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Do you believe God controls death?

Do you believe God controls death? Topic: Point and case sayings
June 26, 2019 / By Shari
Question: I'm not a religious studies expert, but I was just wondering what people's general belief is about God's relationship with death. Do you think God controls death (for example, there are many sayings such as God takes the good ones home early, or many people believe that fate is the major factor as to when we die), or do you believe death is a result of free will? Or if you don't believe in God that's OK too. I'm not looking for an attack of anyone's personal beliefs just what you personally think @Jon in canada: so what does you're reasoning have to do w/ a car accident? poor answer. @ jon in canada: i hope you didn't think i was personally attacking you-- but i did feel you answered it in a sarcastic way without truly thinking about it. I don't know i just really disagree that genetics have anything to do with someone being murdered, or killed in an accident. @ jon in canada--but thanks 4 answering, nevertheless
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Best Answers: Do you believe God controls death?

Ormonda Ormonda | 4 days ago
Interesting question - I look at it from a couple of points of view perhaps this is a valid approach - perhaps not? 1) Divine Providence (i.e. God's Plan or Will in the world) is active in the universe. - How often have we said or thought: "But for the grace of God I could be 'x'?" - How else can good things come out of evil circumstances, people & events? 2) Divine Foreknowledge (i.e. Divine Omniscience) - Irrespective of how we act and what choices we choose to make, God already knows the outcome and has included it in His plan for Salvation (i.e. see Divine Providence above) Looking at these two points: a) God has a plan for all of us including for when we are to be taken before Him for judgement (i.e. physical death) b) We can make bad choices through our free-will; i.e. risky behaviors like smoking/drug use, etc. that have the effect of shortening our lives - but because of God's foreknowledge this does not "impact" God's Plan. Nor does the "interference" of another human being's free-will, as in the case of a murder or car accident caused by another have any impact either.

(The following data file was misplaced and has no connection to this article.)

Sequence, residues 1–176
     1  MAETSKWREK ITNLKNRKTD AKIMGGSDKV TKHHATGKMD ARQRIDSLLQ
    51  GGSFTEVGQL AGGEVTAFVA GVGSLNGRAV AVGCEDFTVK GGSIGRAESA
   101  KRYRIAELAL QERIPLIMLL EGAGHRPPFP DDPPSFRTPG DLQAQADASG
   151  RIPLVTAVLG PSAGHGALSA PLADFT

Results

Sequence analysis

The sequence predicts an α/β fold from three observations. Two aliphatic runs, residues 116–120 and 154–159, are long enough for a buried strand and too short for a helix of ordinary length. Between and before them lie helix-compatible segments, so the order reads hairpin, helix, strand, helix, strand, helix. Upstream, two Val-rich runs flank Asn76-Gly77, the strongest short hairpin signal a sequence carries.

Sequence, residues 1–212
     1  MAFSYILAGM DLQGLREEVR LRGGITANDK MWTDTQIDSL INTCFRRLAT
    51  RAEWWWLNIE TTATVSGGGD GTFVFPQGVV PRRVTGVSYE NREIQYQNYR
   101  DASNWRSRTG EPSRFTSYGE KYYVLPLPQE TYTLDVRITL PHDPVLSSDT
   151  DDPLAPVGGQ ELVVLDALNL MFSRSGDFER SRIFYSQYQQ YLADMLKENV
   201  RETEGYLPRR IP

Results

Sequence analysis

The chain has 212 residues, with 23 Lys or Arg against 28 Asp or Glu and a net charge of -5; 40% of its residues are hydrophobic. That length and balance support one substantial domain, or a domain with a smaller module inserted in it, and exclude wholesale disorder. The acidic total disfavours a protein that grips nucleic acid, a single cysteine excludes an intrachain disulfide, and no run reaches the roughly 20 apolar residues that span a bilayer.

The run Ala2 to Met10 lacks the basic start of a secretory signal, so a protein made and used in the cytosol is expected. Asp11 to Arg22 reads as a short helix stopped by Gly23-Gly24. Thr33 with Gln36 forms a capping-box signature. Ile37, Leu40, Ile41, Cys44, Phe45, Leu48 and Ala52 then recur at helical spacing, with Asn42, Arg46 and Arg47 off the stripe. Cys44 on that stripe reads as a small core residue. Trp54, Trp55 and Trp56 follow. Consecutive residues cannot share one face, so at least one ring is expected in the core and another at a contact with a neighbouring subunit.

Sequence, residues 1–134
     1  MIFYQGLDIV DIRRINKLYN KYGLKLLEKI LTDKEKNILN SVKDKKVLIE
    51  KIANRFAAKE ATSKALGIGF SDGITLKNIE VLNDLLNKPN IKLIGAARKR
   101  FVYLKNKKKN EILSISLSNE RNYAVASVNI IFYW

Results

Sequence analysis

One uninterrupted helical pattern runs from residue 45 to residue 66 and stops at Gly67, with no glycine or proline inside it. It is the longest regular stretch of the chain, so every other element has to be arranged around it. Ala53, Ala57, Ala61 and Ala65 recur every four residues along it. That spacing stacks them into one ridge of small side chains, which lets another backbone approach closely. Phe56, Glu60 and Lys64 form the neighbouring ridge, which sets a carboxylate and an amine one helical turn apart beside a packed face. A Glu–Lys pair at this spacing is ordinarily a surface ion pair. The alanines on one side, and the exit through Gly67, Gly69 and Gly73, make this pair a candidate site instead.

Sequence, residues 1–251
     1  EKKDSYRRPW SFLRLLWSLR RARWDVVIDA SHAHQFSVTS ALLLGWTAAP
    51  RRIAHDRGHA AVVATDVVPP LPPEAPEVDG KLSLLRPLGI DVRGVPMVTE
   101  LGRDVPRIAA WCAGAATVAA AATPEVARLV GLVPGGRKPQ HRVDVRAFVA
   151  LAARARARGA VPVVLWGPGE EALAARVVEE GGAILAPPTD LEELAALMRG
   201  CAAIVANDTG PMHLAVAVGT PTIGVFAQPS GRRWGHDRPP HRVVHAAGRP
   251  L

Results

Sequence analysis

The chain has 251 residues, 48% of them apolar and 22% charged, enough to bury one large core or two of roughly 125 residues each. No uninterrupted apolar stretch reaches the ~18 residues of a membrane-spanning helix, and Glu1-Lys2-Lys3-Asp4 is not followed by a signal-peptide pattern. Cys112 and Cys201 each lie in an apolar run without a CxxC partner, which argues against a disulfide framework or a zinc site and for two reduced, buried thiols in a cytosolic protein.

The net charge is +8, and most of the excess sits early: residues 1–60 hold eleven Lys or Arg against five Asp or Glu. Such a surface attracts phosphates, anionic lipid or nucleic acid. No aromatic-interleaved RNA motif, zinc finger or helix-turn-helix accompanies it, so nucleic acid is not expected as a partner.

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Ormonda Originally Answered: Why are remote controls not used more?
While there are devices for industrial, military, and rescue work that involve remote control to reduce risk to operators, they are generally very expensive because remote control does not mean standing to one side and watching what happens and reacting to it - like a model air plane - but being in a bunker, tank, distant airplane or around the the corner from a possible bomb. This means the device must have optical and sound sensors, send the information back to the operator who must have a functional display station, and then must be able to transmit detailed commands. Further, any heavy or valuable equipment must have built in control functions to not only stop in case of loss of signal or messed up signals. Also heavy devices must have built in sensing and reaction to things that might be dangerous - we don't want a one tonne rescue vehicle running over bodies on the ground or pitching forward into a hole in the ground the operator missed. Hard to maneuver is exactly that - how much experience to you have taking a school bus (or tank) into a crowded parking lot? And you might buy a high quality (sophisticated controls) remote tank or other vehicle for a hundred dollars or so and try controlling it while you are looking at it - maneuvering among a bunch of tennis balls or plastic cups representing parked cars or buildings

Maleah Maleah
Yes. The Bible says it is appointed unto man once to die and then the judgement. Since we have an "appointment", I would say that God controls our death. For the good news, see John 3:16.
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Kim Kim